The disability rights fight intersecting the drug pricing debate
A new bill to ban QALYs and similar measures from federal programs has bipartisan interest and support from disability activists — but some say it would do more harm than good.
Why it matters: Prohibiting QALYs in federal programs is an Energy and Commerce priority, Chair Cathy McMorris Rodgers told Axios in an emailed statement. She's the bill's lead sponsor, and it’s personal for her: Her son has Down syndrome.
How it works: QALYs — quality-adjusted life years — measure how many years a drug adds to a person's life, weighted by how well a patient feels during those extra years.
- The metric is one way to decide if a drug is worth its price.
The use of QALYs in the U.S. is inconsistent. Medicare cannot use QALYs to evaluate therapeutics, though it can for preventive care. ACIP uses them for vaccines.
- The Inflation Reduction Act also stops Medicare from using comparative measures that treat certain lives differently in drug price negotiations.
- Oklahoma prohibited its state agencies from using QALYs in 2020.
- The Institute for Clinical and Economic Review, which creates cost and value assessments of drugs for public and private payers, has called QALYs the “gold standard” for measuring a drug's value.
- But ICER also says QALYs should be "embedded in a process guided by patient input," and it also uses other metrics to evaluate drugs.
The intrigue: Disability advocates say QALYs are discriminatory and poorly constructed. They inherently devalue people with disabilities, said Nicole Jorwic, chief of advocacy and campaigns for Caring Across Generations.
- "Putting into federal law something that ... recognizes the value of disabled lives is incredibly important," Jorwic said.
Yes, but: Families USA’s Frederick Isasi said drug company lawyers could use the bill's broad language to argue that any attempt to understand whether a drug is worth its price is illegal.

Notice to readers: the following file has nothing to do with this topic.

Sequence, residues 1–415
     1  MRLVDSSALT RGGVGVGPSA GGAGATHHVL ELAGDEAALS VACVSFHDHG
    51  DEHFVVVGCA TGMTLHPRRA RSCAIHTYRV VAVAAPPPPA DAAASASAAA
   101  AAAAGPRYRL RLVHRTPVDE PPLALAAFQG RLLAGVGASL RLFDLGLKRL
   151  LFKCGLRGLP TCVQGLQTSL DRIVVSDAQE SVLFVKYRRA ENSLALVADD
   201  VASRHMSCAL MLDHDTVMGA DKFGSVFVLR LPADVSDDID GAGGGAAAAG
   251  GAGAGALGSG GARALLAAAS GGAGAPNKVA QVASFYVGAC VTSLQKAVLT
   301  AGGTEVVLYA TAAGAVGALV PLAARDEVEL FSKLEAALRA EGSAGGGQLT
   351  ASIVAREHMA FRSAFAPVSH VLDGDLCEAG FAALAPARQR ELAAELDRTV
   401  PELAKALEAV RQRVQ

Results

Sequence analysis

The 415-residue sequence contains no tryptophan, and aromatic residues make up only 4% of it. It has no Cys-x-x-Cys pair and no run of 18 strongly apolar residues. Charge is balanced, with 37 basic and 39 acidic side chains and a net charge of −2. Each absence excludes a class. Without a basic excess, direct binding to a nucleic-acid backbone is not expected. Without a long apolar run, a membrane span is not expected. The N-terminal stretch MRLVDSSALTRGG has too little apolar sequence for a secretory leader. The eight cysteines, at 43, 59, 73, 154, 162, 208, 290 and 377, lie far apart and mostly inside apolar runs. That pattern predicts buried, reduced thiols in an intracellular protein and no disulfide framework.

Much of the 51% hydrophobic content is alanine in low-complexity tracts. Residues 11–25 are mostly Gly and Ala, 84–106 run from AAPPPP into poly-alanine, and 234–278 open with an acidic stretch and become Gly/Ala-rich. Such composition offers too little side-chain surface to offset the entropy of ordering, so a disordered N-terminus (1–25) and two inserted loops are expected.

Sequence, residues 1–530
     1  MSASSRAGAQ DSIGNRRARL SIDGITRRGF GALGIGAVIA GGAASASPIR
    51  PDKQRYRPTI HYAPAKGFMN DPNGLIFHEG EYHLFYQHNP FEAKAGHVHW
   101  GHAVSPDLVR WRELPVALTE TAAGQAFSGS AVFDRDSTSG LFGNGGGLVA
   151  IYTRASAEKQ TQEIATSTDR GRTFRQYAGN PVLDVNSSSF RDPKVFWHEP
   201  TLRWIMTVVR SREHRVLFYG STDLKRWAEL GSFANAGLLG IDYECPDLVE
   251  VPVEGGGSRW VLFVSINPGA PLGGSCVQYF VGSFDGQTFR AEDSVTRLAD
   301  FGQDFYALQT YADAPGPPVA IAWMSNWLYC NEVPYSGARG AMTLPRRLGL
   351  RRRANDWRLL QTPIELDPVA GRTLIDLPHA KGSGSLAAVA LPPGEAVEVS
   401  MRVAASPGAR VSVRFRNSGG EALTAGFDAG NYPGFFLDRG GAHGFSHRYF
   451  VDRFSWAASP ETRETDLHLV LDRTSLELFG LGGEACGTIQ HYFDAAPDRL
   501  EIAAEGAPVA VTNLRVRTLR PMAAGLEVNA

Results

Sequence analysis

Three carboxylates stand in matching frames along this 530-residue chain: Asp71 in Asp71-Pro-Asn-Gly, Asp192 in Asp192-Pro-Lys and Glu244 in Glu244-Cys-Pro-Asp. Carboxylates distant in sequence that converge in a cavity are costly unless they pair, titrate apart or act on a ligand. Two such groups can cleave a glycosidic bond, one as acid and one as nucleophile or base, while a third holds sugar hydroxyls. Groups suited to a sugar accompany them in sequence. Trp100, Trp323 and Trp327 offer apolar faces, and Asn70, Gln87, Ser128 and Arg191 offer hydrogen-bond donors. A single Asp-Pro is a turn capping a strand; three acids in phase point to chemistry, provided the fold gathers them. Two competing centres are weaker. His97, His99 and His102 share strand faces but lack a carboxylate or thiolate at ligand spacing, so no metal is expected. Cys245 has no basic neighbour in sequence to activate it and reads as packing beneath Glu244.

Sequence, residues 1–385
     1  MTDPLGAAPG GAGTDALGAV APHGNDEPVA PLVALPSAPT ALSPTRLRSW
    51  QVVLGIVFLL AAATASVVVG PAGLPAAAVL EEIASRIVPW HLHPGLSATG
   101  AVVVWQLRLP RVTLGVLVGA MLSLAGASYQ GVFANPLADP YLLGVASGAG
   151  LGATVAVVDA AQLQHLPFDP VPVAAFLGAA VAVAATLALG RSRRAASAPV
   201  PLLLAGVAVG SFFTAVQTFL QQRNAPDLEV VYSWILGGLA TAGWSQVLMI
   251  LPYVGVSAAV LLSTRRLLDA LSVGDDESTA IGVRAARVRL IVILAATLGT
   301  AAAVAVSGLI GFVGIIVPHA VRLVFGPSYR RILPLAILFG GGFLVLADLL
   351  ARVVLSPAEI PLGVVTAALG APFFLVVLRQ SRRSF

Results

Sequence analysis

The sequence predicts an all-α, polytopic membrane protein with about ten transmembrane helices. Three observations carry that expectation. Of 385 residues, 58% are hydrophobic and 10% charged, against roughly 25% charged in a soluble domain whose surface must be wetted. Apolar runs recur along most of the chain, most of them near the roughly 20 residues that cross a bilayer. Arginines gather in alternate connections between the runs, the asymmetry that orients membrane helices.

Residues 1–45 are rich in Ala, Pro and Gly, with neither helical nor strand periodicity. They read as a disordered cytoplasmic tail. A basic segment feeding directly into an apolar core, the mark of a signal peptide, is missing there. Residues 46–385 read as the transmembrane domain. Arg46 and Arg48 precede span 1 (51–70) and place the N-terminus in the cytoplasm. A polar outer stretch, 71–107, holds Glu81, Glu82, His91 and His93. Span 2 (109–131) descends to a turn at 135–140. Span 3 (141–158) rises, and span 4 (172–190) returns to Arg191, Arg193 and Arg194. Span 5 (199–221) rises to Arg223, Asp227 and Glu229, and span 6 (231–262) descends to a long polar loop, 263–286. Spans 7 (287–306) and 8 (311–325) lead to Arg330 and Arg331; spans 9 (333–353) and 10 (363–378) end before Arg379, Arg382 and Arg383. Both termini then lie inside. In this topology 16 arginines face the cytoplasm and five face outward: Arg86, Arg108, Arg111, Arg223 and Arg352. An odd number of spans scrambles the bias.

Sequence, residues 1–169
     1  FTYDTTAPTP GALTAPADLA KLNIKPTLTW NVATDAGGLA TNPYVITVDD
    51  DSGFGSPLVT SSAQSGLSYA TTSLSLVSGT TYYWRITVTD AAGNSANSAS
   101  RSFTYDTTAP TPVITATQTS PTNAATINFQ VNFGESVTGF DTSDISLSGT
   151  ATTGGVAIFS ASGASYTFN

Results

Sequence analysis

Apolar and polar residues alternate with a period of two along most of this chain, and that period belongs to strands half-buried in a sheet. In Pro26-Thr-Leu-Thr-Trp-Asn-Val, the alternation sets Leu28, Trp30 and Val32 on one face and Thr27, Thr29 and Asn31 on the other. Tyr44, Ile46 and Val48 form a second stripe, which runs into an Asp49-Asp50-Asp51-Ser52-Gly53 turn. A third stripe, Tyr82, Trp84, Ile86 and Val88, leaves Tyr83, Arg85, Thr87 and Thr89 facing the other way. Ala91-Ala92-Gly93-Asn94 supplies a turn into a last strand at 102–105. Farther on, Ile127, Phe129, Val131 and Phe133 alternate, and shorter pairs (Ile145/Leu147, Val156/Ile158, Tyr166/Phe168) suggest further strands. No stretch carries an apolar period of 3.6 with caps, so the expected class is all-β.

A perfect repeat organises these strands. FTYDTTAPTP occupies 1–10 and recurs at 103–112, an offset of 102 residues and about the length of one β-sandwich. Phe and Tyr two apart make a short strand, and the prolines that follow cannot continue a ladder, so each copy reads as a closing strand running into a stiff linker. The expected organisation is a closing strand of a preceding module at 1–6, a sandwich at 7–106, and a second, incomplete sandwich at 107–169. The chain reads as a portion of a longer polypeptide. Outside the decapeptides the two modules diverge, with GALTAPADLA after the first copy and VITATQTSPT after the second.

- Families USA hopes to see the bill refined and does not support using QALYs as a threshold for whether an intervention should be provided or paid for, Isasi told Axios. McMorris Rodgers said she's open to addressing concerns with the bill.
The other side: QALYs are an important tool in cost-benefit analysis, said Leah Rand, a bioethicist and research scientist at Brigham and Women's Hospital.
- They provide a comparable health outcome measure that's a composite of quality and quantity of life, and can help keep drug prices accessible, Rand said. She said she isn't aware of any instances in which QALYs are the sole criterion for determining value.
- QALYs can prove a drug's value through improved quality of life, even if it doesn't add life years, said Anna Kaltenboeck, head of ATI Advisory's drug reimbursement practice.
Between the lines: Advocates generally still believe drugs should be paid for based on their value — just not by using QALYs. The National Council on Disability, an independent federal agency, released a report in November on QALY alternatives.
- "There should be measures that are based on what the drug does and what the people who take that drug actually want," said Rachel Patterson, senior director of government relations and advocacy for the Epilepsy Foundation.
- And researchers agree that QALYs aren't perfect: "I would agree that there are some concerns about the QALY," Rand said. "There are also serious efforts to improve them. But that's very different from banning the measure."